A comedy about a veteran NYPD cop whose rare baseball card is stolen. Since it's his only hope to pay for his daughter's upcoming wedding, he recruits his partner to track down the thief, a memorabilia-obsessed gangster.
Juan Carlos Hernández
Special Agent Derrick Vann is a man out to get the man who killed his partner but a case of mistaken identity leads him to Andy Fidler, a salesman with too many questions and a knack of getting in Vanns way.
Samuel L. Jackson,
In 1848, a New York bank wants to put a railroad across Mexico, so it buys up small banks around Santa Rita, Durango, and evicts farmers on the proposed rail line who owe money. The bank's henchman is the murderous Jackson. He runs afoul of two women, María, the tough but uneducated daughter of a farmer, and Sara, the European-educated daughter of the owner of one of these banks. To feed the now landless people and to seek revenge, María and Sara become bank robbers, veritable Robin Hoods. But Jackson and his hired guns are after them. What are the women's options? Written by
Originally set for a wide US theatrical release in late 2005 and then early 2006; the film was finally given a 22 September 2006 date and was an exclusive Cinema Latino Theatres chain release. See more »
In the train car loaded with gold, there are many more gunshot sounds than there are gunshots, including two after Jackson (Dwight Yoakam) had exited the train car. By this time six shots had been shown on screen from Maria's (Penélope Cruz) gun. See more »
I might not know who I am but I know who I'm not, I'm not someone who lets her country down.
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It may be a premature statement, writing this in February of 2006, but "Bandidas" is one of the most entertaining films of the year. Penelope Cruz and Salma Hayek are wonderful together as the sexy bank-robbers hell-bent on revenge and justice.
I suppose you could call this film a guilty pleasure. There is nothing substantial here... It is merely a lightweight action adventure with barrels of laughs and two primo-examples of eye candy. But of the 200+ entertainment-only movies in 2006, it is virtually assured that this film will be one of the better examples.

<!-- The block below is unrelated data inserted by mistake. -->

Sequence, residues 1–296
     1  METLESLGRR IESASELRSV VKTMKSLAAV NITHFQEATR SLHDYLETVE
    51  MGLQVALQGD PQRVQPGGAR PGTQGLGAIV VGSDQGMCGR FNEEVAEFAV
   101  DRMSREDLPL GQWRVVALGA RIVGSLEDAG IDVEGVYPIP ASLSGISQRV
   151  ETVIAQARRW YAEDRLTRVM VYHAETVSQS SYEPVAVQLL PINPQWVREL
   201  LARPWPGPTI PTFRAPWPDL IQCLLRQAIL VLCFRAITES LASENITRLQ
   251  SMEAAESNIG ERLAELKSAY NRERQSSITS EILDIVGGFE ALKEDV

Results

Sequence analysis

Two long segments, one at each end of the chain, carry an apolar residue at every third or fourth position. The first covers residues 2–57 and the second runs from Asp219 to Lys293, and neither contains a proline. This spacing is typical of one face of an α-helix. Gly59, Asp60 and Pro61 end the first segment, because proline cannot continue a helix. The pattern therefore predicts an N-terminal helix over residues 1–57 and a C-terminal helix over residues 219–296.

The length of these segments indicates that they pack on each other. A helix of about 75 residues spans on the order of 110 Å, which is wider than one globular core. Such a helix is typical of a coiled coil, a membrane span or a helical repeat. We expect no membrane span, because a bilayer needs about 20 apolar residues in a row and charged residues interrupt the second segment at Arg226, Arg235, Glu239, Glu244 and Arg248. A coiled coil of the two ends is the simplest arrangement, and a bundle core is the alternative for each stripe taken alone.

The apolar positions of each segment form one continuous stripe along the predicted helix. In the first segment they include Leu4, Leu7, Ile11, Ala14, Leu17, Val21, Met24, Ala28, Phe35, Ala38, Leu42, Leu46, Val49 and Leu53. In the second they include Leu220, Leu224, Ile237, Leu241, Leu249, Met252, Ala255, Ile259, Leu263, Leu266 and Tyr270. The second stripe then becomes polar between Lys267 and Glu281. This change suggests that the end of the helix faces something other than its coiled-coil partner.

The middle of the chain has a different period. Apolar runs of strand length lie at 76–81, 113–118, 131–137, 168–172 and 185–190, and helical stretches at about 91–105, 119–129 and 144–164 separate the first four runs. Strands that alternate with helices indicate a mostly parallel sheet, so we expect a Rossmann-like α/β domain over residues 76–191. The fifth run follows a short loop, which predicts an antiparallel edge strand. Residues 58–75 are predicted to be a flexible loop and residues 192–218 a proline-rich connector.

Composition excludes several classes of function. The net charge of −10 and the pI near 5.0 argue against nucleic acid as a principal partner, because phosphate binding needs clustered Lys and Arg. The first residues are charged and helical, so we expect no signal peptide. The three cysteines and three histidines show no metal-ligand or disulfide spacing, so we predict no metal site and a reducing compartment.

I was reminded a great deal of the cheerful tone and style that was evident in the Mel Gibson and Jodie Foster comedy, "Maverick". Add a sprinkle of "Butch Cassidy and the Sundance Kid" and you are rewarded with this Luc Besson penned screenplay.
After a short opening, displaying the investigative skills of Steve Zahn's character, the film introduces us to Penelope Cruz's Maria playing Tic Tac Toe with her horse in the dirt. It is one of many scenes in "Bandidas" that hearkens the silliness of Laurel & Hardy. Maria is a small-town Mexican farm girl who confesses that all she really knows about is horses and chickens. She is a dreamer and an idealist.
Her counterpoint is Salma Hayek's Sara... An educated heiress who has just returned from University in Europe. She is a thinker and a realist.
When Dwight Yoakam's evil land robber swoops in to take the money and land away from the locals, killing Sara's father and severely injuring Maria's, the girls team up to avenge their people and get the land back. By robbing the banks owned by the railroading thieves' American investors, the girls cause slapstick havoc across the Mexican landscape.
After getting some 'training' from Sam Shepard's character, which includes a gratuitous push-ups scene in the local stream, the girls feel ready to try some elaborate heists.
None of this is remotely realistic. At no point will you ever really be able to suspend your disbelief. This film plays more like a Laurel & Hardy film than anything else. We are only supposed to enjoy the interaction and comedic timing of these gorgeous babes (best friends in real life -- and it shows) as they pretend to fire guns, splash through any on-hand body of water, blow stuff up, and seduce Steve Zahn on numerous occasions. In fact, considering one specific scene, I wouldn't be at all surprised if Steve Zahn did this film pro bono.
There are some truly inventive and hilarious moments in this film. Consider the train shoot-out... a slow-motion sequence that was brilliantly shot with a special effects technique that I hadn't seen before. Also consider the wit of the 'banjo-tuning' scene. It was perfectly timed.
This film has tons of memorable moments: the church catfight; the horse climbing a ladder; the brothel kisses. It is packed with entertainment value and deserves a bigger audience than it will ultimately get. Penelope and Salma have great chemistry, exuding illegal amounts of sex-appeal and equal doses of hilarity. "Bandidas" is silly fluff that typically gets panned by critics like me... but I went with this one because it doesn't take itself at all seriously and because I never once thought to look at my watch. This is a breezy 93-minutes that will leave your face aching from smiling so much.
TC Candler IndependentCritics.com
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